12 July 2013. Some people with Alzheimer’s pathology in their brains develop atypical clinical symptoms, such as visual problems or difficulty in naming objects. Atrophy in specific functional networks in the brain corresponds to those symptoms, report researchers led by Manja Lehmann and Gil Rabinovici at the University of California, San Francisco, in the June 24 Proceedings of the National Academy of Sciences. The researchers compared patients with three rare forms of AD: early-onset AD (EOAD), posterior cortical atrophy (PCA), and logopenic variant primary progressive aphasia (LPA). In addition to having different areas of specific atrophy, these patients share common areas of brain degeneration, the researchers found. The commonly affected areas correspond to the default mode network (DMN), which is active when the brain is not engaged in a specific task. This network degenerates in typical, amnestic AD, as well.
That the atrophy occurs along functional networks supports the idea that different types of AD spread through connected brain regions. In the variants, however, it is not yet clear whether pathology advances from common areas into specific networks, or vice versa. Longitudinal studies will be needed to answer this question, Lehmann said.
Other researchers found the data intriguing. “We know there is a lot of heterogeneity in the spatial expression of these diseases. The fact that some brain areas are common anchors is informative,” said Ashish Raj at Weill Cornell Medical College, New York City. Beau Ances at Washington University, St. Louis, Missouri, told Alzforum, “They’ve shown that these disorders have specific signatures.” The data may help begin to unravel the mystery of why AD progresses differently in different people, he said.
Prior studies have shown that compared to controls, AD patients have weaker connectivity in the DMN (see ARF related news story), as well as in multiple other brain networks (see ARF related news story). Previously, William Seeley at UCSF and Michael Greicius at Stanford University, both co-authors on the new paper, found that different forms of dementia (such as frontotemporal dementia and corticobasal syndrome) affect distinct functional networks (see ARF related news story).
In the current work, the authors turned to rare variants of AD. EOAD is characterized by memory and executive deficits, PCA by visuospatial deficits (see ARF related news story), and LPA impairs people’s ability to name objects and repeat sentences (see Bonner et al., 2010). While other forms of progressive aphasia are marked more by tau pathology and are closely related to frontotemporal dementias, LPA and PCA have predominant Aβ pathology. In a previous structural MRI study, the authors found brain atrophy in each of these three conditions (see Migliaccio et al., 2009). In the present study, Lehmann and colleagues focused on regions that showed the greatest atrophy across all three disorders, as well as regions that were specifically shrunken in each. The authors wanted to find out what functional networks these atrophied regions participate in, as a first step toward seeing whether connectivity in these networks might be altered in disease states.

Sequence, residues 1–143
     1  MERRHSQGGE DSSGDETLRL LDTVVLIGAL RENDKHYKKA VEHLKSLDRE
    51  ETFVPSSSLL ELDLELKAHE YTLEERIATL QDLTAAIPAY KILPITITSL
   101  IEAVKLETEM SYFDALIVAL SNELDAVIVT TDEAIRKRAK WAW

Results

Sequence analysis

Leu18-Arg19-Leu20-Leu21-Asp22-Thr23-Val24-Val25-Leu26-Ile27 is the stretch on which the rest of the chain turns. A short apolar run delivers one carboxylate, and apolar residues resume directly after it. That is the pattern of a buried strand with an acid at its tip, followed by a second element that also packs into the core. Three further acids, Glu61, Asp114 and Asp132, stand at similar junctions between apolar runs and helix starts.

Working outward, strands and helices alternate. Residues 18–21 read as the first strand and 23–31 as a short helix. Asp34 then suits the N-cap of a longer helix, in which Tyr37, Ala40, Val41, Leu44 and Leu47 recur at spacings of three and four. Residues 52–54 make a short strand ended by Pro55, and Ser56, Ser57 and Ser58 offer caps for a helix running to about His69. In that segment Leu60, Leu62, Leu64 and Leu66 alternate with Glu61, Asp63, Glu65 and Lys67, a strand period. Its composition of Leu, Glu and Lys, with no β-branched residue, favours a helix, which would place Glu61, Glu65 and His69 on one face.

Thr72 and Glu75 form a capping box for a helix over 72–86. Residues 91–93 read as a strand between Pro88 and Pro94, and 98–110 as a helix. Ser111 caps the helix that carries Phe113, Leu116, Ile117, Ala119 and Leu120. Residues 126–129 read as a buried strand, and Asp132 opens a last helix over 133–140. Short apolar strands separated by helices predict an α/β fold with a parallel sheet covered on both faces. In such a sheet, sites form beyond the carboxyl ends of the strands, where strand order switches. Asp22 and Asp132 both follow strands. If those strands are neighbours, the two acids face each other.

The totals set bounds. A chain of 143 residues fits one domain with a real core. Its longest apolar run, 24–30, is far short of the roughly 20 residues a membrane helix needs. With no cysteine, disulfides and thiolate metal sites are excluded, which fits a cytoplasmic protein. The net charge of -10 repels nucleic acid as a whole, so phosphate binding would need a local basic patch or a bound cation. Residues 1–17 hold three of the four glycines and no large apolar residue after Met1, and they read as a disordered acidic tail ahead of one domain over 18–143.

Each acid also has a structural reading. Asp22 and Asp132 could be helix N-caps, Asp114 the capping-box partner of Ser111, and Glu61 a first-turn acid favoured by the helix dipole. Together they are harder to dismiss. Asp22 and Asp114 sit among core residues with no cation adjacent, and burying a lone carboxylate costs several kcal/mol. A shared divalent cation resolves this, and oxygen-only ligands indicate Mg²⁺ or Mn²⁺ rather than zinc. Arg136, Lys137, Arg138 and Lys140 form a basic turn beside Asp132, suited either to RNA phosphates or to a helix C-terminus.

To first find the networks, the authors performed resting-state functional MRI in 131 healthy volunteers with an average age of 65, and looked for brain regions that synchronized activity with the areas of interest. Regions of common atrophy among EOAD, LPA, and PCA included the posterior cingulate cortex and precuneus. In the healthy volunteers, these areas matched up with the posterior DMN and precuneus networks. Meanwhile, regions specifically atrophied in early-onset AD corresponded to the anterior salience and right executive control networks in the volunteers. Those affected in LPA formed part of language networks, while in PCA, the higher visual network was involved. Perhaps not surprisingly, the functions of these networks predict the typical clinical symptoms of each disorder. The authors then assembled an independent cohort of patients, comprising 36 with early-onset AD, 18 with LPA, and 20 with PCA, and confirmed that they had the predicted patterns of atrophy corresponding to these same networks. In ongoing work, the authors are measuring connectivity in the AD patients to look for functional disruptions in these areas, Lehmann said.
One question the study cannot answer is whether degeneration begins in the DMN and spreads from there to specific networks, or whether it begins in distinct networks and advances into the common hub of the DMN. This question can only be addressed by studying the progression of the disease in early-stage patients over time. This is difficult because these rare syndromes are typically diagnosed late, Lehmann noted. Lehmann also plans to examine genetic and developmental risk factors in search of clues for why distinct forms of AD develop in different people. For example, prior dyslexia is more common in AD patients who develop language difficulties than in those who do not, suggesting that the language network might be selectively vulnerable in this population, Lehmann said.—Madolyn Bowman Rogers.
Lehmann M, Madison CM, Ghosh PM, Seeley WW, Mormino E, Greicius MD, Gorno-Tempini ML, Kramer JH, Miller BL, Jagust WJ, Rabinovici GD. Intrinsic connectivity networks in healthy subjects explain clinical variability in Alzheimer’s disease. Proc Natl Acad Sci USA. 2013 Jun 24. Abstract